Learning to share
You’ve a great idea, product or unique service. You know it’s a winner and you’re the founder. You start your business development and planning. There will come a time when every entrepreneur must decide to share their vision with another party – perhaps not immediately – but it will come. It might be an employee, contractor, potential client or investor. Be too possessive and you risk stunting the growth of your business. Too free with information and others may take advantage even steal your idea wholesale. When the requirement to share arises, who do you share with? How do you do it? More to the point, how do you do it and protect your embryonic business from predators?
Non-disclosure agreement (NDA)
At it’s core the NDA is a mechanism to allow you, the entrepreneur, to discuss your unique business model, product or service with third parties and guarantee confidentiality. Breach of an NDA by a third party being actionable in law for damages. Used wisely, requesting a third party to sign an NDA will protect you not harm you.
Basic types and rules
NDA’s can be unilateral or reciprocal. A unilateral NDA is used when only one party is disclosing sensitive information and reciprocal when both sides are making similar disclosures.
The NDA should state its purpose. This can be simply “…to allow the parties to explore a business opportunity of mutual interest…”. It doesn’t need to be complicated.
It’s important to carefully define the confidential information to be regarded as protected by the NDA. You can go further than protecting obvious secrets, but you can’t protect trivial information. So, define it, if you want it covered by the NDA. Be wary of ‘boilerplate’ NDA’s available free on the internet, they may work but could severely let you down. If you are in any doubt and you really do value your business, get a lawyer to tweak an NDA to suit your needs. This needn’t be expensive and could save the day.
Identify the individual persons to be bound by the NDA and fix the obligations for a reasonable and sensible period – perhaps two years. You could go further than individuals and allow the information to be divulged to employees, agents or other representatives in specific and reasonable circumstances. Finally, consider whether the information you are disclosing is personal data and covered by data protection legislation. If it is, you will need a data processing clause to ensure legal disclosure.
When to use an NDA
There are some obvious example targets for NDA’s and arguably one exception. First the obvious.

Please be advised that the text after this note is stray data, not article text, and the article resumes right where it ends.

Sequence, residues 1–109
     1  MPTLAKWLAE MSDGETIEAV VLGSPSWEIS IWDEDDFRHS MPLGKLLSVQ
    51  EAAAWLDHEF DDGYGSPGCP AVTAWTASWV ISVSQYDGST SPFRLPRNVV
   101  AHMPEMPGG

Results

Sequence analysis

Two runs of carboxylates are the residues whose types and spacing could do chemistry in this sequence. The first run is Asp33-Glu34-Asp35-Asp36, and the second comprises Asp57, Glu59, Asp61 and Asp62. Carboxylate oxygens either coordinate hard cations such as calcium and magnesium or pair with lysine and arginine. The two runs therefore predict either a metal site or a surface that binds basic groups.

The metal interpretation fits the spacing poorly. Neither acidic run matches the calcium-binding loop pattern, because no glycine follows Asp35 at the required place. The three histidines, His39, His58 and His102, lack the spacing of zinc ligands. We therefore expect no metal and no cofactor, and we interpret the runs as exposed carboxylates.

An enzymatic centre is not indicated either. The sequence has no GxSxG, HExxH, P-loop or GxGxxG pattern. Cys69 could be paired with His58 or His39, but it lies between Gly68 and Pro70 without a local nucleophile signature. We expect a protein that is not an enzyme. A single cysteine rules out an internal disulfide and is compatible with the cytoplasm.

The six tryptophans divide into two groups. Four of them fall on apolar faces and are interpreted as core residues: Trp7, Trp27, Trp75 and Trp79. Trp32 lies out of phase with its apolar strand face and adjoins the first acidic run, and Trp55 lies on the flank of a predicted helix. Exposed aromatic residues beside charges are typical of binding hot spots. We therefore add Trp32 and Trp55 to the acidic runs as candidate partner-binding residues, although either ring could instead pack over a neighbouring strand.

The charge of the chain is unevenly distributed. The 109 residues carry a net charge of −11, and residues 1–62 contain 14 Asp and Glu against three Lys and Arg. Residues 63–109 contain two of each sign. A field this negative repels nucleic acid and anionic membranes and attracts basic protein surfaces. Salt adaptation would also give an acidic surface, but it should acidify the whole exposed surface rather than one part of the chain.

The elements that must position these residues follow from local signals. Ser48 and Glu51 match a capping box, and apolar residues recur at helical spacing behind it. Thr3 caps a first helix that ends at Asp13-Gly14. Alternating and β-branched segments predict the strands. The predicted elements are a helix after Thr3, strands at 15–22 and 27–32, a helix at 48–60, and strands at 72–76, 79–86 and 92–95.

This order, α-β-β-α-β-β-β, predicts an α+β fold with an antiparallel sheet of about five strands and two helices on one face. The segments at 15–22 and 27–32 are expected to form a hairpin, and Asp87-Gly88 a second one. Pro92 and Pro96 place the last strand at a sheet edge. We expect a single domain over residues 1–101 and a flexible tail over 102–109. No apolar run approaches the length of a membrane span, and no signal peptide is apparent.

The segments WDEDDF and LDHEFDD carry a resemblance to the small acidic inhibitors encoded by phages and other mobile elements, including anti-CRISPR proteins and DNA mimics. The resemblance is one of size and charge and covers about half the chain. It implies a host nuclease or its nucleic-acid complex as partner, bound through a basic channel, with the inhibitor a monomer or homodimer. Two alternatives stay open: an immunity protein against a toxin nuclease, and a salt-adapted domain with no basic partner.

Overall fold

- IT software and web development. Especially when web-development work is being outsourced or sub-contractors are being used to develop new technology.
- New business opportunities. Sharing business models and negotiating with potential partners, VC’s and where finances and client lists/targets are involved.
- New client opportunities. This could prevent a potential client from utilising the merit in your ideas and asking an alternative supplier to provide the same.
- Sub-contracting. Developers and free-lancers working for the sub-contractor should be equally restrained.
- Employees. Restrictive covenants in the contract of employment can prevent an ex-employee from walking away with your ideas and prototypes.
Dragons and angels
There is one school of thought that strongly advises against asking a potential business investor to sign an NDA. Here’s the theory. Investors hear hundreds of pitches and see as many pitch decks. They will rarely agree to sign an NDA in any event. Are they arrogant or have they got a point? Investors may have the money to steal your idea but rarely will. They don’t build the products themselves nor do they aspire to do so. They could be more useful to you than you think. They may have seen something similar in prior pitches. The information and feedback they can give you could help you refine your proposition for the better. They could correctly anticipate regulatory or compliance difficulties that you haven’t yet seen.
Investors and NDA’s are uncomfortable bedfellows. There is the possibility of finding middle ground. You could make an approach showing the value of your idea to the investor without giving it all away. If they want to see more, you could suggest an NDA.
NDA’s are an important legal tool in protecting your intellectual property rights. Signed in advance, properly executed and tailored to your business needs they can ensure confidential information stays protected in a variety of situations. You should have no hesitation in using them.
Just make sure that, as a business founder, before you embark on exploratory meetings and negotiations with others that you yourself are not restricted by prior NDA’s or employment contract restrictions.
Opus Underwriting Limited.